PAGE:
Posts Tagged ‘The Nonprofit Strategy Revolution’

Small but mighty: game-changing strategy in small to mid-sized nonprofits

Many nonprofits use periodic strategic planning to tune up their strategies or make adjustments to their route along a fairly steady course over the near-term future. Sometimes, however, organizations have a bigger, bolder agenda, often driven by a big challenge. My recent column on “Game-Changing Strategy” in The Nonprofit Times (February 1, 2013) examined this phenomenon through the lens of our consulting work with large, national nonprofits and foundations.

Since its appearance, I have been asked if the only groups suited to developing game-changing strategies are these big, well-resourced institutions. The answer, most emphatically, is “no way!” Game-changing strategy is available to any nonprofit facing a need to change direction, respond to a major challenge, or seize a new opportunity if it has the capacity and the courage to undertake a large, sometimes daunting change process.

Strategy is about making hard choices

I remember an early experience with game-changing strategic change. It wasn’t with a big household-name nonprofit but with a small, state humanities council. As we began the engagement, the challenge was this: We have limited resources with which to pursue our broad mission to promote the humanities across a large, diverse state. In response we currently offer an array of programs, none of which are at sufficient scale. The council had set itself the task of narrowing its portfolio to concentrate more resources on a few core activities. The problem was that the varying interests among the staff and board were aligned in such a way that making hard choices–invest more here and thus less there–was not possible. They were at an impasse. Thus the wide array of poorly supported activities.

At one point early in the strategy process we asked: “If you were building the council from scratch today, what would you make sure to do and what would you avoid?” By moving the discussion away from an unwinnable debate over the relative merits of current programs, we facilitated engagement in the struggle to actually think strategically. The group soon decided unanimously the answer to our question was: “We would make sure to do only one thing and to do it really well.”

Bold thinking pays off

This conversation opened the council’s horizons to think differently and we exploited that opening. For the next few months it considered various ideas for “the one thing.” In the end, it found it, tested it widely throughout the state, even using a public polling firm, and defined a bold signature project: an initiative to engage the entire state in an effort to tell stories about how residents’ families came to live where they did. Whether the family had arrived last week from China, last year from another state, or in the last century from Mexico, it turned out that everyone had a story he/she wanted to tell.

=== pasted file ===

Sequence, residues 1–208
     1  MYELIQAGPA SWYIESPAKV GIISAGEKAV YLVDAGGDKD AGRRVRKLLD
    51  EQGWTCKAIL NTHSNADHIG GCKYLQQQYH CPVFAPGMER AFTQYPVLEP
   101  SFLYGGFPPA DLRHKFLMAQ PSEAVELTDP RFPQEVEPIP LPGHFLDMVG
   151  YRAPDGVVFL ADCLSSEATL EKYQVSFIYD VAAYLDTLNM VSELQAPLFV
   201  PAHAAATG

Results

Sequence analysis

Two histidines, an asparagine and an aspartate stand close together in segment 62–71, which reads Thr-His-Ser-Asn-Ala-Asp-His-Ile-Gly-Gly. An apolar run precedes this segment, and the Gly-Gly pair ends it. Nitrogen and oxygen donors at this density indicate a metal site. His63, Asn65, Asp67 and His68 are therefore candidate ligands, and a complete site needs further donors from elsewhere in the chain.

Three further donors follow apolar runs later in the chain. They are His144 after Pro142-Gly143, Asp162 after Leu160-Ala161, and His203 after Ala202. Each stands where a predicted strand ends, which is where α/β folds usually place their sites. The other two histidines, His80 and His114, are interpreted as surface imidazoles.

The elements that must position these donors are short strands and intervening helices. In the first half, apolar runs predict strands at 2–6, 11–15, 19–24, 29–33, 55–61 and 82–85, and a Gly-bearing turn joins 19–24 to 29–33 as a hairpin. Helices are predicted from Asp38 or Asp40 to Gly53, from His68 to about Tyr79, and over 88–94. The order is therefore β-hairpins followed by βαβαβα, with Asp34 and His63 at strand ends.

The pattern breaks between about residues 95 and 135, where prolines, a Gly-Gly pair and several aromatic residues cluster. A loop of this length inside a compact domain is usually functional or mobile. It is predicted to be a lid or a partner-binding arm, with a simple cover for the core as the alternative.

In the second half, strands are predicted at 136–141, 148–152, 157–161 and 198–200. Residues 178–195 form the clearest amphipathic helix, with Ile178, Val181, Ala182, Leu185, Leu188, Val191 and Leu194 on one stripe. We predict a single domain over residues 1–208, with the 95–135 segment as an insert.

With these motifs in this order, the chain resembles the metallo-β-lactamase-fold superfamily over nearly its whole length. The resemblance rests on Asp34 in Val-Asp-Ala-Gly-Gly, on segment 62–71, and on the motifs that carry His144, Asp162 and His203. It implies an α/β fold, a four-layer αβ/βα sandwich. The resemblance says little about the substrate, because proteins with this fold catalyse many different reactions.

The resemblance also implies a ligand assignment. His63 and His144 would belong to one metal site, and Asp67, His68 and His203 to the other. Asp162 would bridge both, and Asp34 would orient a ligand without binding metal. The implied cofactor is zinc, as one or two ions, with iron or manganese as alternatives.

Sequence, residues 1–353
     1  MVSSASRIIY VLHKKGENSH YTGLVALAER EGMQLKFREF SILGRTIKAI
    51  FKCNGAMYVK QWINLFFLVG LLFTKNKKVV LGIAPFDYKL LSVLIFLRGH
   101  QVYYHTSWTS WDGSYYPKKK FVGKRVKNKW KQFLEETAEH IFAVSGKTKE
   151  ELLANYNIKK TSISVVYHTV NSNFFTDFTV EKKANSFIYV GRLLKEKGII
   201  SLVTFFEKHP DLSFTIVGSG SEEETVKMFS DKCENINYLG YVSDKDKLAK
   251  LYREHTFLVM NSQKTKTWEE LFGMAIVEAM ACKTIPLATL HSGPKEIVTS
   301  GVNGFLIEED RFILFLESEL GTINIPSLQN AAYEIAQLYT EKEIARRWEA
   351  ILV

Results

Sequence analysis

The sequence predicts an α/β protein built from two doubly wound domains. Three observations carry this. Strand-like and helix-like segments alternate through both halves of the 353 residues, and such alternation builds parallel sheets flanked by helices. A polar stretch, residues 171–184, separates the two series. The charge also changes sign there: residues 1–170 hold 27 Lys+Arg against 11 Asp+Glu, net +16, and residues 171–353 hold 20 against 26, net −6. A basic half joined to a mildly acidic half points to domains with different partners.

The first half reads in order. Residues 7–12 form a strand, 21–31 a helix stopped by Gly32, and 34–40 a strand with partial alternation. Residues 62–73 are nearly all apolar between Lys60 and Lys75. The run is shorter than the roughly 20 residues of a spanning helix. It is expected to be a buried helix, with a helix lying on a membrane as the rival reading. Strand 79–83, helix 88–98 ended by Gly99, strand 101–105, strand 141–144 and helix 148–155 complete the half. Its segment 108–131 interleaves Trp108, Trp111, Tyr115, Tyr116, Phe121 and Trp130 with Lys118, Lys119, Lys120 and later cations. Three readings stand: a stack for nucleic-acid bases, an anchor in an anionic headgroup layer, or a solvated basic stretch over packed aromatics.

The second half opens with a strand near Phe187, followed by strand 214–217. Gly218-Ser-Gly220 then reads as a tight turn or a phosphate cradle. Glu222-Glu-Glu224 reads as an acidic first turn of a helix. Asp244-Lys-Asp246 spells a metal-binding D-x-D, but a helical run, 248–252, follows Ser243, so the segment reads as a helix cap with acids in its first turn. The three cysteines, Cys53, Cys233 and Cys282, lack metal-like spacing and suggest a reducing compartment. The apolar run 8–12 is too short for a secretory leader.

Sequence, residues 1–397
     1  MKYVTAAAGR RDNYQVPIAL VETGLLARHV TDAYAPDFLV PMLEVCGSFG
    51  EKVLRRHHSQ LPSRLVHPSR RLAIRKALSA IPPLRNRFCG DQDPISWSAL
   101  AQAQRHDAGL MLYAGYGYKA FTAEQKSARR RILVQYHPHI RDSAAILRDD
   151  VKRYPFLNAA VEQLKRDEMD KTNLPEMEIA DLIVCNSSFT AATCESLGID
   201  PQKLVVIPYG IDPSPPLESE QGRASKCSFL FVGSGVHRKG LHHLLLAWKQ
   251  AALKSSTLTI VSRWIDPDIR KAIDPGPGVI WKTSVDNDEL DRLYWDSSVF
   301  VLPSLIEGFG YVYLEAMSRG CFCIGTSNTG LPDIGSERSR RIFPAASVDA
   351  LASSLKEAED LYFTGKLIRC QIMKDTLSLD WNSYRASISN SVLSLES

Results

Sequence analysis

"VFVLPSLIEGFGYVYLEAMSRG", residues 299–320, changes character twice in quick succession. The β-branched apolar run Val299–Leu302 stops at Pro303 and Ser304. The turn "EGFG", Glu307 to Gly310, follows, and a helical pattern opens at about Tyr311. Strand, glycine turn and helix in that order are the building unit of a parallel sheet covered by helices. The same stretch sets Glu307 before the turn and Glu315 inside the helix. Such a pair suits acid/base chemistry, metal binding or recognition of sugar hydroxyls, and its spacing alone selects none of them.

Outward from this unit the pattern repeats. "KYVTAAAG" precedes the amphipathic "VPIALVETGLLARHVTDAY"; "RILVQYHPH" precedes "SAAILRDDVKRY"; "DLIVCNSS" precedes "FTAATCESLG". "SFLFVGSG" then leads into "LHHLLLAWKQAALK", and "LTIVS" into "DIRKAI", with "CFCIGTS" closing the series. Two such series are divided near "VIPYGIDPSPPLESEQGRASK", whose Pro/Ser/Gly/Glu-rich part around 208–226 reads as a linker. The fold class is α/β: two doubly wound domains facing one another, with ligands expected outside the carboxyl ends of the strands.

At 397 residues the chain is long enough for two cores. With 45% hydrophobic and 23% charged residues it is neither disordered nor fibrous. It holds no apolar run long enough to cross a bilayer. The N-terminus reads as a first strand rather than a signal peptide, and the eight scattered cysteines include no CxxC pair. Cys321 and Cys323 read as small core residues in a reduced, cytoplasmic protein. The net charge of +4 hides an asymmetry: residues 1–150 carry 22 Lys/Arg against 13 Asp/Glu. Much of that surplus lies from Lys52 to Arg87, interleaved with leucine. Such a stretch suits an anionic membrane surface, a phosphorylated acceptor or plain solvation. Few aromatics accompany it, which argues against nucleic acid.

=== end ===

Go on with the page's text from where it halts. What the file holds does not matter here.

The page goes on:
This new effort was a true game changer for the council. As the idea gained traction, the board supported the management’s plans to shed existing programs in a responsible and orderly way, either by transfer to another host entity, spinoff as an independent new nonprofit, or phase-down. The council soon concentrated all its effort on the new initiative. As a result of its intense focus on a winning idea, private funding increased, libraries and schools around the state lined up to implement the project in communities, and the council’s profile rose immeasurably.

Small organizations, big ideas

This was not an isolated instance of courageous thinking reshaping a small organization: far from it. Consider: the merger of two small environmental nonprofits that decided to trade their independence for greater power in pursuit of their shared mission; a half-dozen small and mid-sized human services groups that co-located to save a precious but expensive-to-operate facility for the disabled; or the bold campaign launched by a grassroots HIV/AIDS service organization to redefine treatment as prevention in its community. These groups were not large but their ideas certainly were.

So, if you are a leader in a small or mid-sized organization embarking on an examination of your strategy (perhaps for no other reason than “it is time,” three years having passed since your last effort), here is my advice. Before you begin tweaking your current efforts–”We’ll raise 10% more money” or “We’ll serve 5% more people”–consider for a moment how you would go about pursuing your mission if you were to start your organization over today, free from all impediments to bold action. You might decide you would build the organization just as it is now. But if not–if you can imagine a better way–consider whether it is time for a game change.

See also:

The Nonprofit Strategy Revolution: Real-Time Strategic Planning in a Rapid-Response World

Nonprofit Strategic Positioning: Decide Where to Be, Plan What to Do

Nonprofit Mergers and Alliances

Blue Ocean Strategy: How to Create Uncontested Market Space and Make the Competition Irrelevant

The NON Nonprofit: For-Profit Thinking for Nonprofit Success

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Strategy is a 24/7 endeavor